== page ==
Paul and I at Molas Pass

As it turns out, my family had not yet arrived. They had fallen victim of a road closure at Wolf Creek and had to turn around and go back through Gunnison - 12 hours to get to Molas Pass. During that time as Paul waited for his truck and I waited for my family, we were treated with burritos from Steam and Steel coffee shop in Silverton. Eric and Lynn had come up to the trailer to say hello and check on my status - thanks guys. Finally the family arrived at 8 P.M. and all is good.

Day 11
Start 5:58 A.M.
Molas Pass - Hotel Draw road 31.8 myles
10 hours 43 minutes - 3.0 MPH

Today is a very special day, not only was my family back but my 10 y.o. son, Jaxon is going to do a segment with me. It doesn't get any better than that!

CT sign at Little Molas lake

My family is back and has recharged my battery. I can now see the light at the end of the tunnel with only two days left. Although the morning started a little rocky for me as I took a wrong turn at a junction above little Molas lake. There is a very nice, new parking area at little Molas with good CT signage but I somehow left on the wrong trail and took a right at a junction above little Molas that took me back down - minor detour... I headed back up and onto the hanging cliff area.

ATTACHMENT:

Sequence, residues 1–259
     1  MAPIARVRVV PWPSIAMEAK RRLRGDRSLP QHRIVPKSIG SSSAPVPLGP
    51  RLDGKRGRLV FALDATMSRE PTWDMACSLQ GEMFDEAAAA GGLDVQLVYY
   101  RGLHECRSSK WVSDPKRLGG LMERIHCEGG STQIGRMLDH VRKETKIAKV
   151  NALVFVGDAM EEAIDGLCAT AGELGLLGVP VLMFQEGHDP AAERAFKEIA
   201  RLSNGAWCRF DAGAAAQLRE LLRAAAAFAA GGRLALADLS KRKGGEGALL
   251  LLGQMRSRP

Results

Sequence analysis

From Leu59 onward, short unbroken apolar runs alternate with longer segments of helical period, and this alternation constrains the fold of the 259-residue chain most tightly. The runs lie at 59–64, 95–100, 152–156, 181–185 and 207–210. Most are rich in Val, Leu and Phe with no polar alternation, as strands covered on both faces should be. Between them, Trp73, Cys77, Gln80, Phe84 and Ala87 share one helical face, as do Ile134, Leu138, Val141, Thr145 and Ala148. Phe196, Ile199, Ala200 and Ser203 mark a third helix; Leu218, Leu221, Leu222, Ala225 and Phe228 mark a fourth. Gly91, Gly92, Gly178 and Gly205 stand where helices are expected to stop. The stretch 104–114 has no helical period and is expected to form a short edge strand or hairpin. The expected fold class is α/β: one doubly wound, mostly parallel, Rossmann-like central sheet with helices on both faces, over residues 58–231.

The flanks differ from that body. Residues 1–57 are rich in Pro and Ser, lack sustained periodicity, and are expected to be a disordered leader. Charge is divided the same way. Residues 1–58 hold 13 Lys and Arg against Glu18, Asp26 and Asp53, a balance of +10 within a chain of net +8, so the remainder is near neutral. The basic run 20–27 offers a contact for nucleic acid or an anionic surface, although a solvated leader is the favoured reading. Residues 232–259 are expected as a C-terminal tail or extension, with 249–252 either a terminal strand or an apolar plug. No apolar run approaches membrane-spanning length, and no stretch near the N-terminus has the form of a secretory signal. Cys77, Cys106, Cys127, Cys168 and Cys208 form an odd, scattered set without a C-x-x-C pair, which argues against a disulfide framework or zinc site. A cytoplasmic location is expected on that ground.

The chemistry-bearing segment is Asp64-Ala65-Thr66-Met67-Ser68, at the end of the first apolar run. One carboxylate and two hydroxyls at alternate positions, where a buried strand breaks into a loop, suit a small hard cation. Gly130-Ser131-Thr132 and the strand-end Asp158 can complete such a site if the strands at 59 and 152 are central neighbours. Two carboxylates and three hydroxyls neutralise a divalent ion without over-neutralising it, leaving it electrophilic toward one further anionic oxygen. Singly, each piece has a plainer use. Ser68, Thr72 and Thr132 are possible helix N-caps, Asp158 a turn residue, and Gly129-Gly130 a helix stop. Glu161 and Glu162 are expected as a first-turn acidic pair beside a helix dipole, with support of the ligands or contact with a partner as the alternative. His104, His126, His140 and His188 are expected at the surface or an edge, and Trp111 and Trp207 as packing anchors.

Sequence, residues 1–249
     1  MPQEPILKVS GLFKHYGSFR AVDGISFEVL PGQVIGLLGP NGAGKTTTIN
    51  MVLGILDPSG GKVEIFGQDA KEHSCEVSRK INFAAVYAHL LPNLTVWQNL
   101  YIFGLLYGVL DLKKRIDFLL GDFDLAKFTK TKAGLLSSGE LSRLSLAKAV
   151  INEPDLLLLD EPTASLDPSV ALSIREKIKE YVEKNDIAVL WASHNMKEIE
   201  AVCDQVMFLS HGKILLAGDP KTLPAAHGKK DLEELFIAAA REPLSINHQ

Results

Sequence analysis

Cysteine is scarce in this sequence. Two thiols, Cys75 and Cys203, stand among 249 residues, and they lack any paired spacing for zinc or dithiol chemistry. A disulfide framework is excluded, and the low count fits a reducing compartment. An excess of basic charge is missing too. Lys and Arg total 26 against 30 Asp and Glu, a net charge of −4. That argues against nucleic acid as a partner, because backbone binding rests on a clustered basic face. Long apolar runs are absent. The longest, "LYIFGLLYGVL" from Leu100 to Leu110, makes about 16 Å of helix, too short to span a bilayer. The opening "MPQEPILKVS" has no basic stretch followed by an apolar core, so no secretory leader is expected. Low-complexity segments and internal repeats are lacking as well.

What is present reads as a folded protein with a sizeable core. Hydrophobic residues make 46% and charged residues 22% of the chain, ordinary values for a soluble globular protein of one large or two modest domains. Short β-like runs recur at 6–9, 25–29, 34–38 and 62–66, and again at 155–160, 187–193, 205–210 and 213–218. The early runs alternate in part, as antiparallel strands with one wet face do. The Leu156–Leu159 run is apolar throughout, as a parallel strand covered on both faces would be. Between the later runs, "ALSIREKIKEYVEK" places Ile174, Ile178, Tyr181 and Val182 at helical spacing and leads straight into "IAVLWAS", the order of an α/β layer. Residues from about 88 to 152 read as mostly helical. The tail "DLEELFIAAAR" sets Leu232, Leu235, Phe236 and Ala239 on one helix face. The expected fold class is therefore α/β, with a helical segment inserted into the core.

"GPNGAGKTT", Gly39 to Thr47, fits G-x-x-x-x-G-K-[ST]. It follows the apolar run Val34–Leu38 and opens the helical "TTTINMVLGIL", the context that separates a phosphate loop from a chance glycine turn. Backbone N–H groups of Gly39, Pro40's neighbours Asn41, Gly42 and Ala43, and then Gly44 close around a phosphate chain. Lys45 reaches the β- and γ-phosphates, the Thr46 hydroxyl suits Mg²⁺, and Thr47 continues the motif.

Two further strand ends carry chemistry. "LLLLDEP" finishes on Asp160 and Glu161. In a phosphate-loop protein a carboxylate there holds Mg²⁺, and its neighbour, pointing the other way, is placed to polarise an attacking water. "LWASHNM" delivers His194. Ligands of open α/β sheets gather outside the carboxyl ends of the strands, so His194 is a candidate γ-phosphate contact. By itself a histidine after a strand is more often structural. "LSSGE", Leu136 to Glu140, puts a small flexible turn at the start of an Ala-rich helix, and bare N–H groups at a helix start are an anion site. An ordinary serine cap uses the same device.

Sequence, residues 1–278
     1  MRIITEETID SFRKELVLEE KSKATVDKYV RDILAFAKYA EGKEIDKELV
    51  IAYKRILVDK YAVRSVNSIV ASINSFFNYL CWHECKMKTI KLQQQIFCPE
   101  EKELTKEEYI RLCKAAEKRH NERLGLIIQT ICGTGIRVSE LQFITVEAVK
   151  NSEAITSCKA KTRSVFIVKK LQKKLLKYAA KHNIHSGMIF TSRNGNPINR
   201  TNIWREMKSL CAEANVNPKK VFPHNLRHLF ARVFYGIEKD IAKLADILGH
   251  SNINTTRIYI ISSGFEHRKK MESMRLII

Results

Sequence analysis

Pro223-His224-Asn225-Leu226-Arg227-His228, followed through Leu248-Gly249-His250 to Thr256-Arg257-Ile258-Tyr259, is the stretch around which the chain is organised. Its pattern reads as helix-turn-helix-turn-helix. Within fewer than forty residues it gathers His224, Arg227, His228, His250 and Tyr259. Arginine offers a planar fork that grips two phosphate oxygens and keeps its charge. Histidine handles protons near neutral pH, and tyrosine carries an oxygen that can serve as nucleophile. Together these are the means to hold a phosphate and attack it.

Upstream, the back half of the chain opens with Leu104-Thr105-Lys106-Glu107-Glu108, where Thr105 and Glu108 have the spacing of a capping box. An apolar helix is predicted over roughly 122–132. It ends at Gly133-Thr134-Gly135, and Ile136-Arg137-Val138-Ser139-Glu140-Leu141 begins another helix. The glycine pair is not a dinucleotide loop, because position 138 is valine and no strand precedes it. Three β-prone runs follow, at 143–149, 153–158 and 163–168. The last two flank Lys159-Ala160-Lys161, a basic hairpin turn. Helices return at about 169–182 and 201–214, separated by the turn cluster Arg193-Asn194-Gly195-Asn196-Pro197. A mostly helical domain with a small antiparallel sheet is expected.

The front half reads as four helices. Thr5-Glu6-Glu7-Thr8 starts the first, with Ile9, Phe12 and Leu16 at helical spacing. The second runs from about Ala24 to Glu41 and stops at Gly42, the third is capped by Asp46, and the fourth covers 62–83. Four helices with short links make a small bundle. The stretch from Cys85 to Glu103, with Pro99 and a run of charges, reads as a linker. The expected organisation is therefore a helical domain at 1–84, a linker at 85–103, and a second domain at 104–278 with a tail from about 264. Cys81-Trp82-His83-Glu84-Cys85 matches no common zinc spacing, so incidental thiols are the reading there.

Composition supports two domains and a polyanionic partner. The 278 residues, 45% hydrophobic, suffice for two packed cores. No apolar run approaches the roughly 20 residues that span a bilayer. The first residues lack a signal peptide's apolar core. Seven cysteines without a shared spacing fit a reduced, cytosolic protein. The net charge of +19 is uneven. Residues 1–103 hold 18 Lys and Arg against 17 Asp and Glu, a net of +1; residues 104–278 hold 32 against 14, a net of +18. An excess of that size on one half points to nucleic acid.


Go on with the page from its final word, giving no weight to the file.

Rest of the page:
Self portrait above South Mineral

I saw several hunters early and they were really surprised to see me, and dare I say a little pist that I scared their trophy bull elk away. More to come on hunters. Rolling along above South Mineral basin where I had been previously while waiting for HR to start, then to a high saddle, and finally down across Cascade Creek.

Cascade Creek

I made my way into Bolam Pass road and as I did I literally broke down. There were signs everywhere! Jaxon's class had all participated in making poster signs for ME. Why it touched me so deeply was that not only were they supporting me but they were supporting Jaxon - it meant a lot.